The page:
Your entire argument presupposes that women get abortions because they just didn’t care to do what they needed to prevent the pregnancy, and they should just have to deal with “the consequences of their actions,” i.e. a human life, treating the baby as a punishment for being bad. There are a variety of other reasons for unplanned pregnancy (including contraceptive failure for people who basically did everything right otherwise) that prove that it’s not their fucking fault, as you seem to think.

    Your argument is entirely without compassion and understanding, without recognition of the reality that no one can possibly always do everything right. It’s a fantasy ideology that has nothing to do with the reality of human needs and human experience. In short, your argument has no love whatsoever.

    As I’ve said before, arguing about abstinence or how evil and wrong abortion is doesn’t accomplish anything but misdirect our attention from the actual causes of abortion and get in the way of actually preventing abortions through realistic means, and I find that morally reckless.

  15. Sorry Ryan, but there were no “mischaracterizations” in my reply. I was stating facts. However, as evidenced by your ramblings,I can see that no amount of facts will be able to confuse your perception of reality. You did not bring well-thought out dialogue to this conversation, you brought a rigid religious cant. I think they call this “trolling”.

  16. Ryan, you’re an arrogant arse with no grasp on reality. However, that alone won’t get you banned. I am fine with spirited, even combative discussion on my blog. I allow people to post their opinions in comments, even if I think they are wrong. But you broke one of my rules when you took it upon yourself to instruct another reader that they had no place in the conversation.


    Perhaps you ought to trot back to an LDS Chapel, where shushing intelligent women is tolerated.

  17. Ryan,

    In the literal sense, it IS possible for people to remain abstinent. That wasn’t my question. My question was is it FAIR to expect that? Is it fair for the “have’s” to expect the “have not’s” to go without such an integral part of the human experience and forbid them from expressing romantic love, another integral part of the human experience, in that way? My point is that the argument that abstinence is a viable option is unrealistic at best and inhumane and elitist at worst.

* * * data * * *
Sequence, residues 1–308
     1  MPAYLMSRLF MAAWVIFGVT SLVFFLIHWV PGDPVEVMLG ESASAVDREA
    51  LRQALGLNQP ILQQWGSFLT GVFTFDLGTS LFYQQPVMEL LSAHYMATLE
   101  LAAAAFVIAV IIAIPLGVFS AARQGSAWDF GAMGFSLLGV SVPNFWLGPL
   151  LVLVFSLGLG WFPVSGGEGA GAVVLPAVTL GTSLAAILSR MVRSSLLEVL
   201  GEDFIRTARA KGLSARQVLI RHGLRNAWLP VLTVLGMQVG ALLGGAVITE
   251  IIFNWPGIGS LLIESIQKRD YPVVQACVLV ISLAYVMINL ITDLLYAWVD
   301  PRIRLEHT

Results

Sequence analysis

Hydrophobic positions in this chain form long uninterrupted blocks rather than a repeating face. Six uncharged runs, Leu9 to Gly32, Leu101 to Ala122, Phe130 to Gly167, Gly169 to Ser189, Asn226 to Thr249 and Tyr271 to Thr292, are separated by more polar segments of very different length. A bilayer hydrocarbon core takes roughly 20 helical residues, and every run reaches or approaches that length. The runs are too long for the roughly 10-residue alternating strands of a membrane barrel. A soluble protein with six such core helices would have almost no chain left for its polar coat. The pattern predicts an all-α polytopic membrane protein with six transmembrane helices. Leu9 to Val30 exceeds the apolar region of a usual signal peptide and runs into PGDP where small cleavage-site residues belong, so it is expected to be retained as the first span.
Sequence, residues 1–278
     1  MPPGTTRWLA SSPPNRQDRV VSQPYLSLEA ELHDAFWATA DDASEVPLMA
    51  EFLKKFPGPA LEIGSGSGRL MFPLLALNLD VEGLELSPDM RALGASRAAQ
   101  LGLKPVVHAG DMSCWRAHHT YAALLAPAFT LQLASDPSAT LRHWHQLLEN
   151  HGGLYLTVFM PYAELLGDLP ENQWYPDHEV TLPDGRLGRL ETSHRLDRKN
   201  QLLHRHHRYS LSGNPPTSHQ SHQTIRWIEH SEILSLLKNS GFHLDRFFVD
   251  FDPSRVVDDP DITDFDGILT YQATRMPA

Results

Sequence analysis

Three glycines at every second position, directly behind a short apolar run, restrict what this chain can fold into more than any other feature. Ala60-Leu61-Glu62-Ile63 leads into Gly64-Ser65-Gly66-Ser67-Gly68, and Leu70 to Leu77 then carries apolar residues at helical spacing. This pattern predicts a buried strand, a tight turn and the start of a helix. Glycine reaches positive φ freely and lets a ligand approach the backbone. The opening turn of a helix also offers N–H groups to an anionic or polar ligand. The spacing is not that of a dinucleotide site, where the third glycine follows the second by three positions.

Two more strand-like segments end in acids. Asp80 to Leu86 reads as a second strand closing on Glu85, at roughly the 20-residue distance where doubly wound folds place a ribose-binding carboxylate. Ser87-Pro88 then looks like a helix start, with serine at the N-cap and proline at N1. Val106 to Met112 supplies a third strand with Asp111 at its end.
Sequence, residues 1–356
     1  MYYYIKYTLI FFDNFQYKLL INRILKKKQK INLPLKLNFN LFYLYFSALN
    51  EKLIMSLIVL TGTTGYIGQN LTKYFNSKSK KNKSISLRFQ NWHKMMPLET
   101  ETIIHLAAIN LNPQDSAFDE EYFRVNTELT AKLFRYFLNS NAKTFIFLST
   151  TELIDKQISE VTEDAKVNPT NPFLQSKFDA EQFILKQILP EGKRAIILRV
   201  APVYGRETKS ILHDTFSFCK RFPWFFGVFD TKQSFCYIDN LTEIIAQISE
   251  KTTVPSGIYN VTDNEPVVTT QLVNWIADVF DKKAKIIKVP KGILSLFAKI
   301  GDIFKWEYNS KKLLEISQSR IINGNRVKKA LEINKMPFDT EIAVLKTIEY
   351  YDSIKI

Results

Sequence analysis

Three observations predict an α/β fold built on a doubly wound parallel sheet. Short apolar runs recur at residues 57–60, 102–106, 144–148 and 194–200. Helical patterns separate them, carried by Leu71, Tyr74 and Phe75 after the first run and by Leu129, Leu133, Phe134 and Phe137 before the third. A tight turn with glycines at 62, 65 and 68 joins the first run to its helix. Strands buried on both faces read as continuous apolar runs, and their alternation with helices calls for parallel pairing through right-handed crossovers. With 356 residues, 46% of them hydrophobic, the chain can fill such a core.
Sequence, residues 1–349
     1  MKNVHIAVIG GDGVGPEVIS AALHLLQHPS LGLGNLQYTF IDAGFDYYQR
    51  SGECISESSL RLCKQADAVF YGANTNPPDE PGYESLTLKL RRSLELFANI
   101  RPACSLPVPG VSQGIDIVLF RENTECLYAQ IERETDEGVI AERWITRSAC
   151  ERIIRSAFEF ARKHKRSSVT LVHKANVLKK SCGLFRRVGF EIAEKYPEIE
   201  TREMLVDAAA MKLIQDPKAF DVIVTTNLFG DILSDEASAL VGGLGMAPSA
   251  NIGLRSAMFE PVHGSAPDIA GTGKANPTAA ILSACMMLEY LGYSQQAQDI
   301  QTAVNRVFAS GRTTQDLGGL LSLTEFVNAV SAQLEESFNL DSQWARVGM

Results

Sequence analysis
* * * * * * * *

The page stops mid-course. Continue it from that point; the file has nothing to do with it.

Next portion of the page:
Can you prove that abstinence IS/WAS an option? It isn’t an option for those who are raped. You have yet to tell me how the rape and incest clause is a reasonable “exception” to your otherwise pro-life stance. I still assert that until pro-lifers can answer those questions, they should hold off on judging the morality of, and trying to legislate the behavior of, others – particularly others who have already been traumatized. They shouldn’t also be forced to answer to moral elitists who think they can define and determine such things as abstinence and force.

    It’s one thing to claim the moral high ground. It’s quite another to take it upon oneself to ensure that justice is served in every case.

    In fairness to Ryan, I was first to suggest that he excuse himself from the conversation if he couldn’t answer what I consider to be fair and reasonable questions about the morality of expecting someone to be abstinent and how society would justly enforce the “rape and incest only” clause so many pro-lifers like to use so as to avoid looking like their insensitive ass-ness is complete. I meant it only to point out that there are questions pro-lifers need to answer before bringing such otherwise incomplete suggestions to the table. It may have been an inconsiderate way of making that point and, although I didn’t intend it that way, I apologize. (And I think Ryan did turn my wording around to deflect, rather than address, my questions and to shush Macha and I.)

    • Amy, on your word I’ll reinstate Ryan. Far be it from me to hold a grudge if you don’t. And for the record, being considerate isn’t required, only encouraged.

  18. Molly,

    Name-calling is childish and immature. And it was, as she admitted, Amy who first “took it upon [her]self to instruct another reader that they had no place in the conversation.” Yet, her admonition didn’t seem to bother you a bit. I find your hypocritical stance unfortunate, if not surprising.

    As to your original post, I stand by what I said: abstinence is an option. People have remained abstinent their entire life. Voluntary sexual behavior is exactly that: voluntary. No other proof is needed. So, I will maintain my pro-life stance and refuse Molly’s request for what I consider to be a very unnecessary handout.

    And Molly, you still did not address adoption. You state that “if you’re going to force a woman to keep an unwanted child, you’d better cough up some cash to help pay for it.” Who said anything about forcing a woman to keep a child? The LDS Church encourages adoption, which is a very viable option. I don’t think people are “forced” to keep their children, even if the child is “unwanted” by them. Many, many people, including many of those pro-life Mormons you so vehemently condemn, have provided loving, stable environments for so-called “unwanted” children.